PITTSBORO — If you weren’t happy with the valuation of your Chatham property in the assessment done by the county’s tax office in 2021, and you appealed that valuation, there’s a good chance things went at least slightly your way.
A full 78% — 1,319 parcels out of a total of 1,694 appeals, or formal protests of revaluation — resulted in reductions in value. Those reductions came as the result either from pre-hearing agreements with the county’s tax office staff or from rulings made by the county’s board of equalization and review, the commissioner-appointed group which held a series of hearings with property owners that concluded last fall.
The net reduction in those valuations was more than $138 million, or 16.6% of the total tax value of the revaluation appeals made — saving those taxpayers a little more than $900,000 on their collective tax bills.
Right at 18.5% of hearings resulted in no change in the assessed value, but a handful — 61 parcels, to be exact — ended up having valuations increased, sometimes because property owners felt the county’s valuation was too low.
In light of all that, here’s the skinny on the 2021 revaluation and what’s next for Chatham property owners.
North Carolina law requires all counties to reappraise all real property within the county at least once every eight years. Chatham County is on a four-year reappraisal cycle, as are most larger counties in the state. Reappraisals distribute the overall property tax burden equitably across the county based on updated fair market values.
Chatham’s commissioners used the new market values, based on a Jan. 1, 2021, “snapshot,” to set a county-only tax rate of $.67 per $100 valuation, which was then used to calculate the tax bills mailed out to property owners each summer.
Every residential, commercial, agricultural and industrial parcel, and every other privately owned piece of land, was visited by one of the staff of appraisers from Vincent Valuations, a contractor hired by Chatham County to perform the revaluation.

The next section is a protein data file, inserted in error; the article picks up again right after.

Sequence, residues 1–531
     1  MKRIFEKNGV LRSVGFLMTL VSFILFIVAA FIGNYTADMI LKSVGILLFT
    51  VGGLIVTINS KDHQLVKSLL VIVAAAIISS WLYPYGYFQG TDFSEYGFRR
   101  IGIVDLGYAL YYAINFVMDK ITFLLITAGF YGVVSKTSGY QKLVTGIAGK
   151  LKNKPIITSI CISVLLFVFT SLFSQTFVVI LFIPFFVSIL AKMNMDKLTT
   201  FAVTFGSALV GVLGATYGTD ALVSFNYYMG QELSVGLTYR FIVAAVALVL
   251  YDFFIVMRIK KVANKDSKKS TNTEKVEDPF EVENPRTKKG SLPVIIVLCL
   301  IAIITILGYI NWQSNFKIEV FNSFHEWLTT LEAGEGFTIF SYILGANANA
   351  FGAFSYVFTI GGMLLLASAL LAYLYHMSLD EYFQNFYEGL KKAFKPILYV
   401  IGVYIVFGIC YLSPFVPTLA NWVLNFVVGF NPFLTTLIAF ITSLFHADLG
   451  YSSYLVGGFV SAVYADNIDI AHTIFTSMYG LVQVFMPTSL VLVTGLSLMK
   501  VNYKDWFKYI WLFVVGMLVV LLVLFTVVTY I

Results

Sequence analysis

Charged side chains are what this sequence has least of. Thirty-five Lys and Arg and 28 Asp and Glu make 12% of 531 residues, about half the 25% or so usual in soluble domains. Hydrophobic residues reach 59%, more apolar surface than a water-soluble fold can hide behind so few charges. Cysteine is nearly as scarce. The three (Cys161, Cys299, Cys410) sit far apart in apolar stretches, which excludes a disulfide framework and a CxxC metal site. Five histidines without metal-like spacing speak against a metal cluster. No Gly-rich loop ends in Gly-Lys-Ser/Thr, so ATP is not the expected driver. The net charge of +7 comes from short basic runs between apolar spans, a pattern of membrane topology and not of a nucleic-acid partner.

In most cases, measurements were taken and any improvements — from an added structure such as a home or outbuilding to a concrete pad or new deck — were noted.
Data entry was input into the company’s computer system, and then recent sales of properties in Chatham were analyzed and valuation models and schedules were built for the appraisals to make sure valuations reflected the current market value.
All appraisals were checked again before finalized; notices with new valuations were mailed March 26, 2021, to each Chatham parcel owner.
Market value is the most probable price a property would bring in an open and competitive market, based on the home or property and sales of comparable properties.
Then for you, the revaluation is largely a non-event — although it’s always good to know your county’s property rate.
Three-fourths (75.2%) of the nearly 46,000 Chatham properties assessed in the county’s state-mandated reappraisal process saw valuations increase, while 24.8% saw values go down.
Some changes were negligible — a few hundred dollars up or down — while others, particularly homes in neighborhoods with new construction and many sales, saw significant jumps in assessed value.
The totals: Chatham’s 2021’s assessed value was $13,163,036,786.
That can be tied to, in part, the high demand of people wanting to live in Chatham, with its proximity to economic centers in Greensboro, Durham, Raleigh and Chapel Hill — and new development built within Chatham in the past two years. As demand increased, so did prices.
Then there’s the general trend: according to the National Association of Realtors, the average price of an existing home in the U.S. jumped from about $275,000 at the end of 2019 to $358,000 in December — a 30% increase.